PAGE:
Wyclif's ideas caused a major upheaval both in the country of his birth and in the Bohemian area of central Europe; that upheaval affected theological, ecclesiastical and political developments from the late 14th to the early 16th centuries. Some of those ideas were transmitted orally through Wyclif's university teaching in Oxford, and in his preaching in London and Lutterworth, but the main medium through which his message was disseminated was the written word, using the universal western language of Latin. The papers in this collection look at aspects of that dissemination, from the organization and revision of Wyclif's works to form a summa of his ideas, the techniques devised to identify and make accessible his multifarious writings, the attempts of the orthodox clerical establishment to destroy them, through to the fortunes of his texts in the Reformation period; manuscripts written in England and those copied abroad, mostly in Bohemia, are considered. Although most of the papers have been published previously, a new edition of the important Hussite catalogue of Wyclif's writings is provided, and three lengthy sections contribute new material and additions and corrections to previous listings of Wyclif manuscripts.
’… the book is a monumental study of the evolution, dissemination, influence, and survival of his Latin writings. This vast resource brings together in one volume Hudson’s work of almost four decades … an essential resource for scholars interested in any aspect of Wyclif’s career, thought, and remarkable output.’ English Historical Review ’Each of these studies stands on its own, but a successful effort has been made to draw them together into a book that has, in every sense, an integrity of its own…. Of the quality and importance of this work it is scarcely necessary to speak.’ Catholic Historical Review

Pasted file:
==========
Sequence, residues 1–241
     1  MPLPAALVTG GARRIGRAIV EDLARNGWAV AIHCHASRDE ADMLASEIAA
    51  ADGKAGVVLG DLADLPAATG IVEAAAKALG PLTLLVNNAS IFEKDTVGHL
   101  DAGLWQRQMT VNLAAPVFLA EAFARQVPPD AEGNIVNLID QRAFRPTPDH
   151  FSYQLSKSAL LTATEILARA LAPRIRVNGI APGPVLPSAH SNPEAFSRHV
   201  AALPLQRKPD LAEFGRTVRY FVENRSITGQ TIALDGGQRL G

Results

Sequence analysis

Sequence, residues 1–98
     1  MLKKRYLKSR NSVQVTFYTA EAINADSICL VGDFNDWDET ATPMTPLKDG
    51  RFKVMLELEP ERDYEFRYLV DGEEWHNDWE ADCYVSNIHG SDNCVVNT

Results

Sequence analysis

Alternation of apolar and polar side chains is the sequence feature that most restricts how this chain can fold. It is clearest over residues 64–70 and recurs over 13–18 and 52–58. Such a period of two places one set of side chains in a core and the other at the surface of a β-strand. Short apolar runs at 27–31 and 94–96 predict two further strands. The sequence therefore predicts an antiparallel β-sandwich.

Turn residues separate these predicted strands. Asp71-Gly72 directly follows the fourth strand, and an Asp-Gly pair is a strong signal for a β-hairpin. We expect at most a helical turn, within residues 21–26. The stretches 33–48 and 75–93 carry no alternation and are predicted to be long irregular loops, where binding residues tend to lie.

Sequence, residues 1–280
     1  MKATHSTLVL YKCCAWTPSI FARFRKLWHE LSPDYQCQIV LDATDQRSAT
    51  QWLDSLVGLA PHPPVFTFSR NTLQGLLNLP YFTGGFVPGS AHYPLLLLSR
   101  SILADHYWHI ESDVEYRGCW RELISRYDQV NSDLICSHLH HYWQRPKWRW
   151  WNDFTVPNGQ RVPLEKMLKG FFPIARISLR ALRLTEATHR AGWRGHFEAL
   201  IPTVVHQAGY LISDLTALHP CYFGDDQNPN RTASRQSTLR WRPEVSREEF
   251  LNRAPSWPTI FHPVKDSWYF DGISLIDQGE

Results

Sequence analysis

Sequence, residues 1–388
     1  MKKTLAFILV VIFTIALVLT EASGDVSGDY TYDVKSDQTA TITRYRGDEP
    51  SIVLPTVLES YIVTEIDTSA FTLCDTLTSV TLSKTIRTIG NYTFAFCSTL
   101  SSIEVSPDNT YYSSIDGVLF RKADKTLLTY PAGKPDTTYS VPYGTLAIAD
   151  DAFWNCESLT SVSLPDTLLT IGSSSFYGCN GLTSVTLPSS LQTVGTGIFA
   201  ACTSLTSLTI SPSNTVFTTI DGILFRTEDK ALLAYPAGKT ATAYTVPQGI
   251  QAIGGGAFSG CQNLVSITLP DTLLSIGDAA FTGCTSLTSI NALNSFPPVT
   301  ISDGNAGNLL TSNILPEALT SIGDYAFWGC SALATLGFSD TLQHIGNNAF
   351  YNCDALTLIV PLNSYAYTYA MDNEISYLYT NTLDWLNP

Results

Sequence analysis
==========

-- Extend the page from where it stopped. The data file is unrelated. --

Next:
Contents: Introduction: Wyclif's works and their dissemination; From Oxford to Prague: the writings of John Wyclif and his English followers in Bohemia; The Hussite catalogue of Wyclif's works; Cross-referencing in Wyclif's Latin works; The development of Wyclif's Summa Theologie; Wyclif's Latin sermons: questions of form, date and audience; Accessus ad auctorem: the case of John Wyclif; Trial and error: Wyclif's works in Cambridge,Trinity College MS B.16.2; Wyclif and the North: the evidence from Durham; Peculiaris regis clericus: Wyclif and the issue of authority; Poor preachers, poor men: views of poverty in Wyclif and his followers; The king and erring clergy: a Wycliffite contribution; Notes of an early 15th-century research assistant and the emergence of the 267 articles against Wyclif; Which Wyche? The framing of the Lollard heretic and/or saint; Wyclif texts in 15th-century London; The survival of Wyclif's works in England and Bohemia; Appendices; Indexes.
The first title in the Variorum Collected Studies series was published in 1970. Since then well over 1000 titles have appeared in the series, and it has established a well-earned international reputation for the publication of key research across a whole range of subjects within the fields of history.
The history of the medieval world remains central to the series, with Byzantine studies a particular speciality, but the range of titles extends from Hellenistic philosophy and the history of the Roman empire and early Christianity, through the Renaissance and Reformation, up to the 20th century. Islamic Studies forms another major strand as do the histories of science, technology and medicine.
Each title in the Variorum Collected Studies series brings together for the first time a selection of articles by a leading authority on a particular subject. These studies are reprinted from a vast range of learned journals, Festschrifts and conference proceedings. They make available research that is scattered, even inaccessible in all but the largest and most specialized libraries. With a new introduction and index, and often with new notes and previously unpublished material, they constitute an essential resource.
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